68% of Indians have Covid-19 antibodies, 1/3rd vulnerable

Roughly two out of three Indians may have some protection from Covid-19, government experts on Tuesday said, citing the latest sero survey findings that they described as a “ray of hope”, but added that a large part of the population is still vulnerable and future waves cannot be ruled out

68% of Indians have Covid-19 antibodies, 1/3rd vulnerable


The study covered 28,975 people who were tested for antibodies for Sars-CoV-2. In all, 67.6% of the participants tested positive as a result of either an infection or because they took a vaccine.

“Two-thirds of the general population, above the age of six, had antibodies. More importantly, a third of the population did not have antibodies, which is roughly 400 million people,” said Balram Bhargava, the director general of the Indian Council of Medical Research (ICMR), at the government’s routine press briefing.

The official said that among the people surveyed, 12,607 did not take any dose of a vaccine. Among the rest, 5,038 had one dose and 2,631 had two.

The seroprevalence among the unvaccinated was 62.3%. In those who had a vaccine, the prevalence rate was 81% for those with one shot, and 90% for those who took both doses.

Samples were taken “in the last 10 days of June and the first week of July”, Bhargava said, and added that the survey design was different from the past nationwide sero surveys since this one included children above the age of six. “But the survey was held in the same 70 districts spread across 21 states,” he said.

India’s third nationwide sero survey, which covered 28,589 people, was completed in early January, when prevalence was 24.1%. Till January 10, India had roughly 10.4 million infections. India’s second wave of infections broke out in late March and peaked in April-May. Till July 10, roughly the time when the latest sero study ended, the cumulative cases were at 30.8 million.

Having Sars-CoV-2 antibodies offers protection from Covid-19 – the higher the concentration, the lower are the chances of a reinfection or symptomatic disease, research has shown. In the real world, this has meant that a past infection or vaccination helps prevent symptomatic or serious disease, if not an infection altogether.

“Implications of this sero survey clearly show there is a ray of hope, but there is no room for complacency. We must maintain Covid-appropriate behaviour, and community engagement,” said Bhargava. He also clarified that the survey could not be used to estimate local-level parameters.

“State-led sentinel sero survey should inform further local-level action. State heterogeneity indicates possibility of future wave of infections. Where sero prevalence is lower, chances of future wave of infection is higher,” he said to reiterate the need to maintain curbs on activities.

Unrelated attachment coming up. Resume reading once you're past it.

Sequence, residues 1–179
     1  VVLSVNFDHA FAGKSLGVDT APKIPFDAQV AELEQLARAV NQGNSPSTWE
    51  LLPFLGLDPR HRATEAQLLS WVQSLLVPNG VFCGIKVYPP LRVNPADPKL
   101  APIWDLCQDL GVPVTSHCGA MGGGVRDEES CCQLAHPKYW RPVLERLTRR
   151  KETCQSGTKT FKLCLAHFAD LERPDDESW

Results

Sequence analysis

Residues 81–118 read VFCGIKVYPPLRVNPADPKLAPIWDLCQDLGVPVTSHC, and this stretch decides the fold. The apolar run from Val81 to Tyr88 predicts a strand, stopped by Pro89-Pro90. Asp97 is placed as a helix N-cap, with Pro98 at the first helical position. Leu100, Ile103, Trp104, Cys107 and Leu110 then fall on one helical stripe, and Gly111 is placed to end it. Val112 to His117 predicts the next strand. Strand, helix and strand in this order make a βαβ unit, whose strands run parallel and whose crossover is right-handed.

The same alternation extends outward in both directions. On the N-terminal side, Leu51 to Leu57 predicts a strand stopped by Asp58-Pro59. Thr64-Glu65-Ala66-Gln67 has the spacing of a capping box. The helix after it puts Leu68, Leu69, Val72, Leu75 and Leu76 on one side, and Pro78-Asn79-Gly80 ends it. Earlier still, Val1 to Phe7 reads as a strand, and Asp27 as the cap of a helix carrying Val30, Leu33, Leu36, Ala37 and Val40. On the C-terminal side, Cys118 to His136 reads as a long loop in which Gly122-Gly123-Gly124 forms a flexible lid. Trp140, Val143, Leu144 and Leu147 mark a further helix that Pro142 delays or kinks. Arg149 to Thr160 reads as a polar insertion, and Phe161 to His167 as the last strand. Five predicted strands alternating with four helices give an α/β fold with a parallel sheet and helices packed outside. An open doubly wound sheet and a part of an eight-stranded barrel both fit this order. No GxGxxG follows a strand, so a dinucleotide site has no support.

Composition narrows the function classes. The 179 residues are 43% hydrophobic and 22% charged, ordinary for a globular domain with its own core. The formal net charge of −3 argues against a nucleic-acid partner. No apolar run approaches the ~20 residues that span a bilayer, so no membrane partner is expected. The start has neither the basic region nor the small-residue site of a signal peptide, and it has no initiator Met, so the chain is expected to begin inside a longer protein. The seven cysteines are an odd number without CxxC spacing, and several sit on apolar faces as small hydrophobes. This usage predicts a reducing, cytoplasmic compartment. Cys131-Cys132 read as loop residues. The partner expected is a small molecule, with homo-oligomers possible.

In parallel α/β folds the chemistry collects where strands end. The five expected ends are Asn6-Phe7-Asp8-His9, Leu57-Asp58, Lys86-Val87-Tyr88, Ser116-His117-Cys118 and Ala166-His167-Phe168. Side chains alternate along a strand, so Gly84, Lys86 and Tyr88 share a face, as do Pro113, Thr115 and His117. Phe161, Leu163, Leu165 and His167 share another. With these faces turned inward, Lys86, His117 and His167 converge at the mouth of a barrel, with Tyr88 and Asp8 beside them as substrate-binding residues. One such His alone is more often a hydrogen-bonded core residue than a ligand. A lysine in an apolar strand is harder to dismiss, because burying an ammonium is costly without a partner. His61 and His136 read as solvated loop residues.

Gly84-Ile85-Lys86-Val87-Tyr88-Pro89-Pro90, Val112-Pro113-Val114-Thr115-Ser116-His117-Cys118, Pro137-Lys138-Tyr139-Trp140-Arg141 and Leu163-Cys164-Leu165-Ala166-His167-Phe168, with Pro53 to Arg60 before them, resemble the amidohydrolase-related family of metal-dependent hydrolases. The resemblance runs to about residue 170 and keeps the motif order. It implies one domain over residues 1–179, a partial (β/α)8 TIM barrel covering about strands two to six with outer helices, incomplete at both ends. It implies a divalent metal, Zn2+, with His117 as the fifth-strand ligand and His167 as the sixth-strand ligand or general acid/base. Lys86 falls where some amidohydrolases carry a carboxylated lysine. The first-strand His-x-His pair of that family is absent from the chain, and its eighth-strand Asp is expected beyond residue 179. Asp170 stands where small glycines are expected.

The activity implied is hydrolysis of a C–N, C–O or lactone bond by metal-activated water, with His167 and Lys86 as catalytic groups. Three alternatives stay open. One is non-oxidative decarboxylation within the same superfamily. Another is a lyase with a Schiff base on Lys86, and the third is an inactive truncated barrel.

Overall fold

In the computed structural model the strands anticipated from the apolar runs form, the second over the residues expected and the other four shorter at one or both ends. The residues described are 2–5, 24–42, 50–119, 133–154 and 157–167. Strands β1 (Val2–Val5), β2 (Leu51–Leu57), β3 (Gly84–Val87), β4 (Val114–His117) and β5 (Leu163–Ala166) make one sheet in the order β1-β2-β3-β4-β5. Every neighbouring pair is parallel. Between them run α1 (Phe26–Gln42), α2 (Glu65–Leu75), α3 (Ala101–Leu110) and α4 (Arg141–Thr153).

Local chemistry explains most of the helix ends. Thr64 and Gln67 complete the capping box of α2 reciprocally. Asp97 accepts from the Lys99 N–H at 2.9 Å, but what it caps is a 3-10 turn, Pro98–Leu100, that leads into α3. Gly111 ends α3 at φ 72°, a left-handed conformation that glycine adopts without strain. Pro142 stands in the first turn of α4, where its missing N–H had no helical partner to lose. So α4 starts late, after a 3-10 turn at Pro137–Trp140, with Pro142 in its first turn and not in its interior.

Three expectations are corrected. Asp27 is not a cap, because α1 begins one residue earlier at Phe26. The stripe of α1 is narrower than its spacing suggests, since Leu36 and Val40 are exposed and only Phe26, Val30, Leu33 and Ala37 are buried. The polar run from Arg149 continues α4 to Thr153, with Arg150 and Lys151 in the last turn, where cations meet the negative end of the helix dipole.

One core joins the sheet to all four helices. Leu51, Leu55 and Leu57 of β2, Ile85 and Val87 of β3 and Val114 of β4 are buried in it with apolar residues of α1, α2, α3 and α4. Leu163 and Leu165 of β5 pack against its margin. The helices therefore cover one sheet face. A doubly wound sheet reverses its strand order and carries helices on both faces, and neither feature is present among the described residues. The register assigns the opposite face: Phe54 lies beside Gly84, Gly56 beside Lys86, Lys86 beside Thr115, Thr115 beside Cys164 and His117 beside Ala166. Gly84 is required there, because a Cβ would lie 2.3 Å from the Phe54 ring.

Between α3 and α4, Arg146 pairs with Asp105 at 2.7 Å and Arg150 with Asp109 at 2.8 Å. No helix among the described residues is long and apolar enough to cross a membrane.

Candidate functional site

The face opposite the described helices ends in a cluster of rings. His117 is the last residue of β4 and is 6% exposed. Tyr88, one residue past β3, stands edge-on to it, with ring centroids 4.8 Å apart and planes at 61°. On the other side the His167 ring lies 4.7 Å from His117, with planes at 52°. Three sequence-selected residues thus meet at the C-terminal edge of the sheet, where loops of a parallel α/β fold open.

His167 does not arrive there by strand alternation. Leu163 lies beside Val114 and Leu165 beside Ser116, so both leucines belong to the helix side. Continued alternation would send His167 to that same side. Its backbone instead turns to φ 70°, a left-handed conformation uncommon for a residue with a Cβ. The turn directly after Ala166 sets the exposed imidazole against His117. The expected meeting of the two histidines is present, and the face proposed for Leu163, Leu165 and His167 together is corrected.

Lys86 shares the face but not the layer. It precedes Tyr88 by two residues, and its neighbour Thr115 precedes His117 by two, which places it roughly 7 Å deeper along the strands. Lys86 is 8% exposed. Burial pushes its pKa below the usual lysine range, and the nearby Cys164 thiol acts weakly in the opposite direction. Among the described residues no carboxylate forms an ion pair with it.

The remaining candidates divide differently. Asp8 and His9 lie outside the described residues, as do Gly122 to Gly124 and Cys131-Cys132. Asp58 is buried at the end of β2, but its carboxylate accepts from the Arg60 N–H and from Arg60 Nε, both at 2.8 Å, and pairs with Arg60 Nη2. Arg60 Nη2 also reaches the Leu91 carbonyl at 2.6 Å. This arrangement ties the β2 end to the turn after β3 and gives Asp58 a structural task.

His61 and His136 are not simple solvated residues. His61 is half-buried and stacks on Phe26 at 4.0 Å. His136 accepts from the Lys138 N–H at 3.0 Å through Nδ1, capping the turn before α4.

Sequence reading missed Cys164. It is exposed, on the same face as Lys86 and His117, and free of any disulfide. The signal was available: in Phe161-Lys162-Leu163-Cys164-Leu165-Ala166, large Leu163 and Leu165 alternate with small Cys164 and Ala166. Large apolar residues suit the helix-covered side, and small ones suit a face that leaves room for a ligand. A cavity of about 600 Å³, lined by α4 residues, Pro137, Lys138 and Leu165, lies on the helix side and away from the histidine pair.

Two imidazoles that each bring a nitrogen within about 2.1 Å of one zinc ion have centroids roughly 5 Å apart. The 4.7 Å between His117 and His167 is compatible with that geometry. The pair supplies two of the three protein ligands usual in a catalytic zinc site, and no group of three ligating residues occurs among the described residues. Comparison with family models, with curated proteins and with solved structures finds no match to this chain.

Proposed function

“Societal, public, religious and political congregations should be avoided. Non-essential travel must be discouraged, and [people should] travel only when fully vaccinated. The way forward is to ensure full vaccination among health care workers as soon as possible and to encourage vaccination in vulnerable groups,” he said.

A second government expert, too, stressed on the need to maintain precautions. “The important thing to note is that 40 crore people have no antibodies. We would like them to gain protection through vaccination and not an infection. Because such a large pool of vulnerable population is still among us -- one out of three -- the pandemic is in no way over. Second wave is still persisting. Danger of outbreak is still very much there,” said VK Paul, Niti Aayog member (Health).

Experts said that the findings should be seen cautiously and warned against making assumptions about so-called herd or population immunity. “The aggregated data at the national level is a piece of good news but not a reason to celebrate or have unreasonable optimism. We should be very careful and not jump the gun in declaring that we are nearer the threshold of population immunity. We can still have major outbreaks, as we see in the UK, Israel, and others,” said Dr Giridhara R Babu, head, epidemiology, Indian Institute of Public Health.

Herd immunity or population immunity refers to a level of protection in a community where there are too few people left for an infectious pathogen to spread. For Sars-CoV-2, this level was initially thought to be around 66% for the virus that was first seen in Wuhan. For the Delta variant, the threshold is believed to have risen to 80-87.5%, since the mutations make it spread significantly faster.

But the concept has also been tricky in the case of Covid-19 for other reasons. Herd immunity is a concept accounted for in the case of vaccination-induced immunity. Additionally, antibodies from a natural infection can vary between people and tend to wane after a particular amount of time.

Dr Babu said these were among several caveats to keep in mind. “One, even if this is truly representative, there is a high proportion of uninfected and unvaccinated persons in India. Two, there can be a disproportionately higher susceptible pool of uninfected persons in certain regions and some age groups. We should ramp up the vaccination coverage and widen it to ensure susceptibility levels should decrease. Finally, we do not know much about the proportion of reinfections in the community and antibody waning in the general population,” he added.

Protection from Covid-19 also depends on a second line of defence of the immune system, which involves T cells and B cells. At the same time, new variants of the coronavirus can help the virus evade immunity from a past infection as well as vaccination -- although people are still expected to be somewhat protected from severe disease and death.

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